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ClassicsOnline Home » BARTÓK, B.: 10 Easy Piano Pieces / Mikrokosmos, Vol. 1 (L. Kertész)
Béla Bartók wrote the six volumes of Mikrokosmos with an educational purpose, winning students over to his innovations in technique and style and guiding them by steps to the highest artistic level. Folk-music keys and scales, polyphony, colour and articulation are integrated into music infused with Bartók’s uniquely characterful rhythms and deeply expressive lyricism. The Ten Easy Pieces are also educational, transforming folk songs into strongly evocative portraits of country life. Rooted in Bartók’s musical and social landscape and long renowned as an educator and flag-bearer of Hungarian culture, Lajos Kertész’s pianistic style and sonority has been likened to that of Bartók himself, making the significance of these recordings inestimable.
Béla Bartók (1881–1945)
Piano Music • 5
The Hungarian composer Béla Bartók was born in 1881 in a region that now forms part of Romania. His father, director of an agricultural college, was a keen amateur musician, while it was from his mother that he received his early piano lessons. The death of his father in 1889 led to a less settled existence, as his mother returned to work as a teacher, eventually making her home in Pozsony, the modern Bratislava, where Bartók passed his early adolescence, counting among his school-fellows the composer Ernő Dohnányi. Offered the chance of musical training in Vienna, like Dohnányi he chose instead Budapest, where he won a considerable reputation as a pianist, being appointed to the teaching staff of the Academy of Music in 1907. At the same time he developed a deep interest, shared with his compatriot Zoltán Kodály, in the folk music of his own and adjacent countries, later extended as far as Anatolia, where he collaborated with the Turkish composer Adnan Saygun.
As a composer Bartók found acceptance much more difficult, particularly in his own country, which was, in any case, beset by political troubles, when the brief post-war left-wing government of Béla Kun was replaced by the reactionary régime of Admiral Horthy. Meanwhile his reputation abroad grew, particularly among those with an interest in contemporary music, and his success both as a pianist and as a composer, coupled with dissatisfaction at the growing association between the Horthy government and National Socialist Germany, led him in 1940 to emigrate to the United States of America.
In his last years, after briefly holding teaching positions at Columbia and Harvard, Bartók suffered from increasing ill-health and from poverty which the conditions of exile in war time could do nothing to alleviate. He died in straitened circumstances in 1945, leaving a new Viola Concerto incomplete and a Third Piano Concerto more nearly finished.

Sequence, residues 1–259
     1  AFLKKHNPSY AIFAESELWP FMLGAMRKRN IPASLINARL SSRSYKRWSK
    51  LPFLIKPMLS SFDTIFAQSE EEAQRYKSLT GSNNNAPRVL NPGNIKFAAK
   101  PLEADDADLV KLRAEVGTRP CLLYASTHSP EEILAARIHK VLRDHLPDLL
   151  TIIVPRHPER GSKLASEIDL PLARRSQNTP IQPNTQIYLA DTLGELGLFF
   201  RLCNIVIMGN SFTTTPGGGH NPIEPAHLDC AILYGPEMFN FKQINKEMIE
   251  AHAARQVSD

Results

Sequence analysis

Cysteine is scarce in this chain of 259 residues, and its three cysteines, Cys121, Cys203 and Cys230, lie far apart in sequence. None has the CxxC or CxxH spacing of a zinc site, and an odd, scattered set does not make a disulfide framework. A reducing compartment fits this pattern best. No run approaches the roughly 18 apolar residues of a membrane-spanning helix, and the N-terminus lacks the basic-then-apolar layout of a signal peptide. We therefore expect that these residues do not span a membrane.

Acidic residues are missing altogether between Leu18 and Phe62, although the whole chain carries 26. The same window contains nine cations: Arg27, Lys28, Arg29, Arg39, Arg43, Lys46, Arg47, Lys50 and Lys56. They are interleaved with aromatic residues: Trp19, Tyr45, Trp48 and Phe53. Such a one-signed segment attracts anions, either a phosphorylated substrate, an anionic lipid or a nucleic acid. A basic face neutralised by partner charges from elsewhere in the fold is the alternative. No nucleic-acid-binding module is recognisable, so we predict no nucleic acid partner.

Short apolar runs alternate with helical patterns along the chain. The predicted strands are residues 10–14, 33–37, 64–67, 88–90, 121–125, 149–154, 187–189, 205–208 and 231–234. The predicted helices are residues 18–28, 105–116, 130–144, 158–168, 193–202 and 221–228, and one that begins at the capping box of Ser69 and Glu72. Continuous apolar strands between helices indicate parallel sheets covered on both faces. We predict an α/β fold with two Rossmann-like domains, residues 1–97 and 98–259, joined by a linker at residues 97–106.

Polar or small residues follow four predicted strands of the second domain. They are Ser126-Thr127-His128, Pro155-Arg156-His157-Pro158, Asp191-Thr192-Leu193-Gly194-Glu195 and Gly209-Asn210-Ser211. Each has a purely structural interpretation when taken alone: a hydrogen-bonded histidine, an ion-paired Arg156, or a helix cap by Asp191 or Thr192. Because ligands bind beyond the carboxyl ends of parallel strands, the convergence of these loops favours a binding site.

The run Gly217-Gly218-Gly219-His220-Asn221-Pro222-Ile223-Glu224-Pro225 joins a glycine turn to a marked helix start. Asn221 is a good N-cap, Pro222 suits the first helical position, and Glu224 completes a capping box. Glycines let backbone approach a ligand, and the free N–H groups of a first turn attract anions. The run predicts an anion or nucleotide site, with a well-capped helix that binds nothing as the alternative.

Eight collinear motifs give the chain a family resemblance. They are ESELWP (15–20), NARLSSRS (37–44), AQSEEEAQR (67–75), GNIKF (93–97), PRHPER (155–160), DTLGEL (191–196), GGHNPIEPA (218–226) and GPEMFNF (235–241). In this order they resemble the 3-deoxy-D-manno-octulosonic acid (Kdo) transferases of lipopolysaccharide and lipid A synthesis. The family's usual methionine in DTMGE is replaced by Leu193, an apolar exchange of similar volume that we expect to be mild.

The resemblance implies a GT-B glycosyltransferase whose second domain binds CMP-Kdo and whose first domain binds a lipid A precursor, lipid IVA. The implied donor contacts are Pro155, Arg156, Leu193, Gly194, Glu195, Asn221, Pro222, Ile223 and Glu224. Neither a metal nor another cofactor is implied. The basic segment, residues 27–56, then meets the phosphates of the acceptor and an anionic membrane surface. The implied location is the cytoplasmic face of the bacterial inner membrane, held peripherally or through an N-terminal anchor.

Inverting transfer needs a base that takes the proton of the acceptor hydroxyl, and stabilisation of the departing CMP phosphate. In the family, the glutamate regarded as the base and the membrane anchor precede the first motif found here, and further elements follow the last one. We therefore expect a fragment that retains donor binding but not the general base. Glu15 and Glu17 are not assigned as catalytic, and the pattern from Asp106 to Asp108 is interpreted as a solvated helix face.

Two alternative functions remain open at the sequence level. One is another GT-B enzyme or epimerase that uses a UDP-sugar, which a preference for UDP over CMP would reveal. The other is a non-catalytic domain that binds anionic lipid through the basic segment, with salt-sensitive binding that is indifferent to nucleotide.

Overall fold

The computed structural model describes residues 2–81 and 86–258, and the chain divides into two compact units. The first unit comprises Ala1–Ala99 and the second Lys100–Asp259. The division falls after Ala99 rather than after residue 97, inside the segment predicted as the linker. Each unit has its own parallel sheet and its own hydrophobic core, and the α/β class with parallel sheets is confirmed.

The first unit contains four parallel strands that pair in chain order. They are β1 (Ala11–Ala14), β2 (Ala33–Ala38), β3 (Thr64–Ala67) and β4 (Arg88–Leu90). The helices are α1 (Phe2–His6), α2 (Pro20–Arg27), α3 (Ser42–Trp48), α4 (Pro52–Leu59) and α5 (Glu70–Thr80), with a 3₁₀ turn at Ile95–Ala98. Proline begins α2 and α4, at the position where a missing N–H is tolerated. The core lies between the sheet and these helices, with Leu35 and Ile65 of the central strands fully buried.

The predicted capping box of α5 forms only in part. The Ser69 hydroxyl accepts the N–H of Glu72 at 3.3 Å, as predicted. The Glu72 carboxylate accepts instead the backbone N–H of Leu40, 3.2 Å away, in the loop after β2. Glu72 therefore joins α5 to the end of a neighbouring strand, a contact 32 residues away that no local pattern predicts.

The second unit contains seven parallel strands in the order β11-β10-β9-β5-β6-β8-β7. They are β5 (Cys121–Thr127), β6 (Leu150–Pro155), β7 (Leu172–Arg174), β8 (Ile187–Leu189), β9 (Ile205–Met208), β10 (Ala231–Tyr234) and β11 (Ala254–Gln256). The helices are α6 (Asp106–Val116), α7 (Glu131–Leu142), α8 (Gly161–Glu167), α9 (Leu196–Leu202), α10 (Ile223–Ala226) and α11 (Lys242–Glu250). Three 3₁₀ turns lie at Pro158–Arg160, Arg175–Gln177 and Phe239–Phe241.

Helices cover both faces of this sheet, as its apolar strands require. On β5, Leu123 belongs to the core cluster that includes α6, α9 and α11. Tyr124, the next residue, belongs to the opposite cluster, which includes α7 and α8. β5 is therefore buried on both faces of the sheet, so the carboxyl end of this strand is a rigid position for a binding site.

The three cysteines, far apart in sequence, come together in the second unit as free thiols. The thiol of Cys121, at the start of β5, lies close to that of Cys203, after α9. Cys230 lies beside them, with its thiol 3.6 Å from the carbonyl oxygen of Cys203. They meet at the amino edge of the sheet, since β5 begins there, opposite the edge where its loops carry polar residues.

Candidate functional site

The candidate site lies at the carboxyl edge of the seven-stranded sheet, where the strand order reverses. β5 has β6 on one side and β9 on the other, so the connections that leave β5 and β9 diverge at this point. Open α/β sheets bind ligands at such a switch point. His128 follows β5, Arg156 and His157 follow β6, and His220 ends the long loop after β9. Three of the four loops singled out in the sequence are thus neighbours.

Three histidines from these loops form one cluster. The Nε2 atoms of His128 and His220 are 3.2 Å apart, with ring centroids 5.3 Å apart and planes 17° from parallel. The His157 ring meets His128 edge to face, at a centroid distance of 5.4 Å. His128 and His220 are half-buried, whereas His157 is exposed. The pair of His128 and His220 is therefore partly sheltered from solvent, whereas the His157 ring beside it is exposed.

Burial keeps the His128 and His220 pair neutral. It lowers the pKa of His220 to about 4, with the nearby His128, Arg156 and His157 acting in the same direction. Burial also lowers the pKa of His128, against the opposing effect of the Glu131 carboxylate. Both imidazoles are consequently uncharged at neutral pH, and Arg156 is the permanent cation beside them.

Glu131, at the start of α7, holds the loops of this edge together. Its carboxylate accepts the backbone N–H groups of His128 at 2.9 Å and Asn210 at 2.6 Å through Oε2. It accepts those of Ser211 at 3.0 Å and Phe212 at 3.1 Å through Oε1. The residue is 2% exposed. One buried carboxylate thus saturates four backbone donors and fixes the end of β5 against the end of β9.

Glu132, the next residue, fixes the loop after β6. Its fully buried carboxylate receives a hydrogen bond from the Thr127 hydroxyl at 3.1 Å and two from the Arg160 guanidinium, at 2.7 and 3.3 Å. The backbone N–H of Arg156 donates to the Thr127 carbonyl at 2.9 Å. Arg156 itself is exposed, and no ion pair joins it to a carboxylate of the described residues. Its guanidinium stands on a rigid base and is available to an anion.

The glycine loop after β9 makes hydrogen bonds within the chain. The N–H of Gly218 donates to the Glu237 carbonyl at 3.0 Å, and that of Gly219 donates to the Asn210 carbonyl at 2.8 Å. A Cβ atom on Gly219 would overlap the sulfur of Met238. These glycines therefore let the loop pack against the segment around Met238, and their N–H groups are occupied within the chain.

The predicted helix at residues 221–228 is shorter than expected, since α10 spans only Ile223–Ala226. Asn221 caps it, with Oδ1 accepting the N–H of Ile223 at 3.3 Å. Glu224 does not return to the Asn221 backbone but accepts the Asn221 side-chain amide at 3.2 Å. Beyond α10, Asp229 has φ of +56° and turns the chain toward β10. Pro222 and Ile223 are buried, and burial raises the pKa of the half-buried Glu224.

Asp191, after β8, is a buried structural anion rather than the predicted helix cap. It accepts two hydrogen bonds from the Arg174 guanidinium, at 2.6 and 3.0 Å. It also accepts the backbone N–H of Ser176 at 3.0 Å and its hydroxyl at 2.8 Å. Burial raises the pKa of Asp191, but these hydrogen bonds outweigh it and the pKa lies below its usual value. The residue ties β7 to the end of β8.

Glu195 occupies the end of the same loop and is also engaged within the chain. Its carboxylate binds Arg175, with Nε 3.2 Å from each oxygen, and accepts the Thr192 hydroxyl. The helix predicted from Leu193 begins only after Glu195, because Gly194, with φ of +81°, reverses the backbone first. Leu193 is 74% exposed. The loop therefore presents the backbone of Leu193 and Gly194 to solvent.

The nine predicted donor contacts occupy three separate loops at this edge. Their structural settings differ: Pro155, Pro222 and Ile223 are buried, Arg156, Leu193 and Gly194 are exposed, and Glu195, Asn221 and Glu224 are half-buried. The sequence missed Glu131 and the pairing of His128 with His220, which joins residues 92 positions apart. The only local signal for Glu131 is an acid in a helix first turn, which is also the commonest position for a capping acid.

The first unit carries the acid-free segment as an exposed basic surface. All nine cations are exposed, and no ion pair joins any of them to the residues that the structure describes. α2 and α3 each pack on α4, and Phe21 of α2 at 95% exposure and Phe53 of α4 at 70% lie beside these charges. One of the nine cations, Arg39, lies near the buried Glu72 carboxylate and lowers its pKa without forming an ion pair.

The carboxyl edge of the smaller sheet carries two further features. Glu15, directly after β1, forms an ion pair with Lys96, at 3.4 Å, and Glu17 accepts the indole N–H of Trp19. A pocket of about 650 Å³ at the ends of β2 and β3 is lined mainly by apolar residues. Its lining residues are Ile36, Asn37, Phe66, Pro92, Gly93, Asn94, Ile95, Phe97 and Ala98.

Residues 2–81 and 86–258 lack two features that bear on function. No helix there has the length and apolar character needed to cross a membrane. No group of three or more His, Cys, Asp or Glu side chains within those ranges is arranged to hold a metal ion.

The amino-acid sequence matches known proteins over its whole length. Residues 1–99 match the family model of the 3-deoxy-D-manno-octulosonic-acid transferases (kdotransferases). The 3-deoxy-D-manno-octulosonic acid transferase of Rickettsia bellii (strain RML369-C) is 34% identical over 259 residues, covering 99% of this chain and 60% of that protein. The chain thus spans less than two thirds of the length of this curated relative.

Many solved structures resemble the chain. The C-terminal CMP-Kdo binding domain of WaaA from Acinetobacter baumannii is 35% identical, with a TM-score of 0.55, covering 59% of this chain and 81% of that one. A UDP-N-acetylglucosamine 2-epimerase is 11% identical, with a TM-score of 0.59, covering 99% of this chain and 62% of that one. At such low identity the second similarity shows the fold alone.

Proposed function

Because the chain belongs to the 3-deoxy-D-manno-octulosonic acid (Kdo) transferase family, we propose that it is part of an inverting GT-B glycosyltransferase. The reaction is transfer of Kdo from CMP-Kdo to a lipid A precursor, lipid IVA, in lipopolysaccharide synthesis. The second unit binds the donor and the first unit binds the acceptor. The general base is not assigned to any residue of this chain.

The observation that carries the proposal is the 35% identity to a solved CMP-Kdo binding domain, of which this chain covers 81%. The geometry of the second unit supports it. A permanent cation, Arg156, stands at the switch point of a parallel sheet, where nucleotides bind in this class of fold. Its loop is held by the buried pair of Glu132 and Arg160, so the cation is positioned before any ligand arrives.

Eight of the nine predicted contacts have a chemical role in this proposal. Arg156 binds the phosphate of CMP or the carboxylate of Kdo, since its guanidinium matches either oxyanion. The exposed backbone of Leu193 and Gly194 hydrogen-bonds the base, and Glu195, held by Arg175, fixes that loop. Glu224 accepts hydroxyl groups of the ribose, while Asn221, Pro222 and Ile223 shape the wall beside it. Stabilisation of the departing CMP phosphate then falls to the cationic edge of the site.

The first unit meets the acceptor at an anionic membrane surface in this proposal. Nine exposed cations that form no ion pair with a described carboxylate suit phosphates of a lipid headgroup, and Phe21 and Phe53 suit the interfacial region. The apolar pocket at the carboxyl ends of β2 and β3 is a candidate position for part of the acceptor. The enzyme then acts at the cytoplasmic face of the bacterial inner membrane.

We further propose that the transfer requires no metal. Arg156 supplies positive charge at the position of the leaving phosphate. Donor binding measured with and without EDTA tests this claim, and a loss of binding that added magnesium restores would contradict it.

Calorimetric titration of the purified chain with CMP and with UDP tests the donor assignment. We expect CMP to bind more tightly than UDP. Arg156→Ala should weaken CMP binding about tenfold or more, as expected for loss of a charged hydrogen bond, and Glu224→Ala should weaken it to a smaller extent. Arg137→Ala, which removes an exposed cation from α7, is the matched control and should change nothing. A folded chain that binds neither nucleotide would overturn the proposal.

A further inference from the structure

Mikrokosmos Vol 1
Bartók wrote the six volumes of Mikrokosmos (1926–37) with an educational purpose in mind and at the highest artistic level, always paying attention to technical, stylistic and musical aspects. and seeking to win over children to his innovations. This extended series of pieces, therefore, gives an insight into Bartók’s creative work. In the first three books the student is offered help to improve his playing technique, which is reflected in the titles of the pieces in order of difficulty: unison, parallel movement, contrary motion, mirror image, syncopation, canon. The student is introduced to folk scales and other keys, polyphony, colour, accented block chords, and lyrical or programme pieces. Important requirements include melodic contour, tempo, dynamics, articulation, and accuracy with accents, all of which teach the student to give an accurate account of the score. The pieces in Mikrokosmos have a pedagogical and musical value.
Ten Easy Pieces
Bartók composed Ten Easy Pieces in 1908, also with an educational purpose in mind. This series, however, contains a few pieces that go beyond the abilities of beginner pianists and require a higher level of technique and a better knowledge of styles. The series contains four folk songs, one in unison and three easy and moving arrangements. Evening in Transylvania, one of the most popular pieces of the series, evocative of the atmosphere of an evening in a Székely village, is in rondo form with an alternating rubato pentatonic and a giusto flute melody. Bear Dance, bold and original, features humour and drama, a tour de force capturing the clumsy footsteps and grotesque dance of the giant animal.
English version by Bálint Tóth and Nicholas Bodóczky
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